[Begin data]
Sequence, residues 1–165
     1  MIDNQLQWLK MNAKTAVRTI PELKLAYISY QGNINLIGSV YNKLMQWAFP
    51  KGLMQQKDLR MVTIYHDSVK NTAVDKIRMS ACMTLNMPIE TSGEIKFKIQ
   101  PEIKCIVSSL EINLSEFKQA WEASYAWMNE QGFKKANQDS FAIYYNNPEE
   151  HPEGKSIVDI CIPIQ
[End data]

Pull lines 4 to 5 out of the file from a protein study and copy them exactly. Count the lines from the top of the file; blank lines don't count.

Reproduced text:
   101  PEIKCIVSSL EINLSEFKQA WEASYAWMNE QGFKKANQDS FAIYYNNPEE
   151  HPEGKSIVDI CIPIQ